There are two routers in my network. The main one is used to connect wlan. The secodn router is used for my wifi. But when I check my ip address, the gateway is my main router. My question is how can I find the ip address of my second router which is used for my wifi? Thanks.

  • 1
    What is your outer problem? What do you need this IP address for? Mar 7, 2016 at 7:52
  • I need to login to the router admin page to change some settings, for example, the wifi password, etc.
    – Bagusflyer
    Mar 7, 2016 at 8:04
  • You can check the DHCP client list on the main router. The second router will be a wired client. That should help narrow it down.
    – Burgi
    Mar 7, 2016 at 13:16

2 Answers 2


As wifi is a layer 2 protocol, you won't be able to determine the IP address based on your wifi connection (IP addresses are layer 3).

So you would need to scan your network for ip addresses used, and try each one to see if you can access an admin page. They are normally on port 80, so http://[ip address] should work.

You could use nmap for this

  • or do a arp table lookup. On windows it will be arp -a to be executed from cmd. Again all the IP listed there will need to be checked. Cant have too many IPs. Mar 7, 2016 at 13:12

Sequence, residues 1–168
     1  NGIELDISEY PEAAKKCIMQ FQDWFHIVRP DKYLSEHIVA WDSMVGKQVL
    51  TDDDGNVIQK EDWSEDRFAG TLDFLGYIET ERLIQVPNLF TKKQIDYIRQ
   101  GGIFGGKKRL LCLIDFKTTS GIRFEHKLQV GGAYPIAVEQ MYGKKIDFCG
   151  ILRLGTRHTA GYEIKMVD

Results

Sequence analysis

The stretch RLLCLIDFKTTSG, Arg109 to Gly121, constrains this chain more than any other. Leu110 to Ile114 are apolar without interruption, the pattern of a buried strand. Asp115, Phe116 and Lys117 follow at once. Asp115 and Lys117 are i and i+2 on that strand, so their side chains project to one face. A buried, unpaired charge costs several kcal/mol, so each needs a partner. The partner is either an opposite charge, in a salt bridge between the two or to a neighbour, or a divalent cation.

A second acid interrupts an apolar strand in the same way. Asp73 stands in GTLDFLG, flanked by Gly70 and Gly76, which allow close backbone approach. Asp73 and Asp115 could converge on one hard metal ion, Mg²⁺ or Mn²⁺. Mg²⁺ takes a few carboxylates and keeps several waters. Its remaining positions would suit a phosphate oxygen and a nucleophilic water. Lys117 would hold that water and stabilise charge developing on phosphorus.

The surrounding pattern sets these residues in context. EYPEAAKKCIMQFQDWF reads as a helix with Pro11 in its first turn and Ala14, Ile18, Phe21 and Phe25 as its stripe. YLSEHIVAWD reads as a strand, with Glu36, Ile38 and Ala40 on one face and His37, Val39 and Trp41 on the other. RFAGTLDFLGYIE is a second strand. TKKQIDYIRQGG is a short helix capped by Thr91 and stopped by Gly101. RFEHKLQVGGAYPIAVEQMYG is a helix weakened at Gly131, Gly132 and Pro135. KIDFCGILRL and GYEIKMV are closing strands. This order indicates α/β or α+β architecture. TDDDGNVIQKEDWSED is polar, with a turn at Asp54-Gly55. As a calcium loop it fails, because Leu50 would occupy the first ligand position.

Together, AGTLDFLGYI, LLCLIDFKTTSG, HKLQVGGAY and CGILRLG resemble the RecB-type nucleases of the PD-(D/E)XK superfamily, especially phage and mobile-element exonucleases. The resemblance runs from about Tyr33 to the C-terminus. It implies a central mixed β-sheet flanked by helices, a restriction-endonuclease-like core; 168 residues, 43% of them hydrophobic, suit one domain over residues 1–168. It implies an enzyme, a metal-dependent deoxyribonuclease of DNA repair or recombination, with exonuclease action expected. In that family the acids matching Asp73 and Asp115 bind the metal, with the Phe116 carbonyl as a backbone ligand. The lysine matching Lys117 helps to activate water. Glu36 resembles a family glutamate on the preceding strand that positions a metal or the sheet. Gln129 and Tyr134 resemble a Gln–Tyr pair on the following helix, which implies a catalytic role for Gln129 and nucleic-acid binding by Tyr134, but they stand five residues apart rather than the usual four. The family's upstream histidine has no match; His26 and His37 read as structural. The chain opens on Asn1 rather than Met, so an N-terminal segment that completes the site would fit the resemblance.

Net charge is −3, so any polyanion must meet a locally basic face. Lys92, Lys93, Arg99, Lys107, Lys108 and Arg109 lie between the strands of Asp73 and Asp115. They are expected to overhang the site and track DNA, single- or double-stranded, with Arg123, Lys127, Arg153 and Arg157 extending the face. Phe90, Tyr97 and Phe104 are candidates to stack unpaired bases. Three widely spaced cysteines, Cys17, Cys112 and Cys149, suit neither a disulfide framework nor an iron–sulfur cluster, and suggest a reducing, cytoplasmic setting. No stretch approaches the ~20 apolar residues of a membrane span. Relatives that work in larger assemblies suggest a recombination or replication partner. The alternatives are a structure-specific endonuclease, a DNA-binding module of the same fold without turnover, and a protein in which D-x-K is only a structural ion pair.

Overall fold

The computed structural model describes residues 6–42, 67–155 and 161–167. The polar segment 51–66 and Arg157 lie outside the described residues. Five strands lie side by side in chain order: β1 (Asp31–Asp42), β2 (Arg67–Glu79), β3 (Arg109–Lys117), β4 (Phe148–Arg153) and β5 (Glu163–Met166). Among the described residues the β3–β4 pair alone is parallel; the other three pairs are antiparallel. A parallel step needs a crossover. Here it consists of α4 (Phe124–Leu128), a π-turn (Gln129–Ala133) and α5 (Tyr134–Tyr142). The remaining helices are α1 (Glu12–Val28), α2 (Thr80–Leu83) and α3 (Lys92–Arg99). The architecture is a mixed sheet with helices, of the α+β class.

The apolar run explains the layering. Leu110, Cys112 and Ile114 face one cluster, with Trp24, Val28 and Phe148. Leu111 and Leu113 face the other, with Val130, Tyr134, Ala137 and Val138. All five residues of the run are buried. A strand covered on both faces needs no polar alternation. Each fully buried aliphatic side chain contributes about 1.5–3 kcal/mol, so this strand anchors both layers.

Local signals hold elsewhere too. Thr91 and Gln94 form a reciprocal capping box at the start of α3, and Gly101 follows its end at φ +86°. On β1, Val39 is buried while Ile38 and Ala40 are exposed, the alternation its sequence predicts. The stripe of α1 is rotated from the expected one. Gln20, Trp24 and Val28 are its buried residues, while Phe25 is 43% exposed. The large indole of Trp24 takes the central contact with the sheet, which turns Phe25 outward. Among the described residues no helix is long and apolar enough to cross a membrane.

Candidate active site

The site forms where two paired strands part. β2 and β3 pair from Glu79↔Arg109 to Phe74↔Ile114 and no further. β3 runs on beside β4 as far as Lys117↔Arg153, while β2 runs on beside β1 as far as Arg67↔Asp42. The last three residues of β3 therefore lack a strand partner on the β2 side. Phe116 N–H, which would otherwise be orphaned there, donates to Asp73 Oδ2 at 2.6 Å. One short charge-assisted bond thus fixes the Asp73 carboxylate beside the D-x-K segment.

• @getsplashed Except the arp table is only populated with ip addresses you have interacted with so likely won't contain the APs ip address
    – Paul
    Mar 7, 2016 at 13:16
  • you are right, still it is worth a try. Nmap can be very slow sometimes. Mar 7, 2016 at 13:23
  • Nmap shouldn't be that slow as long as you're just doing a ping scan (or scanning for common open ports e.g. port 80 / 443). I'm guessing this is a home network and there won't be that many hosts, so a ping scan + trial and error on an alive IP address in a web browser is probably the simplest approach.
    – BrianC
    Mar 8, 2016 at 6:14

You can go to command prompt (Win+R then cmd) and type ipconfig. The ip address on right of 'Default Gateway' is what you need.

Note: There can be more than one connection. So look for 'Wireless LAN adapter Wi-Fi' if you are connected through Wi-Fi. Look for 'Ethernet Adapter Ethernet', if you are connected by LAN.

Update: Sorry, I missed that crucial part of the question. As Paul said, you can scan your network for ip addresses used. You can use 'Who's on my WiFi' or any other similar software for that. This software gives mac addresses of all the devices connected. You can match the mac add with that of second router. Though sometimes some devices doesn't show up.

  • The OP has already stated he has checked his default gateway.
    – Burgi
    Mar 7, 2016 at 13:15

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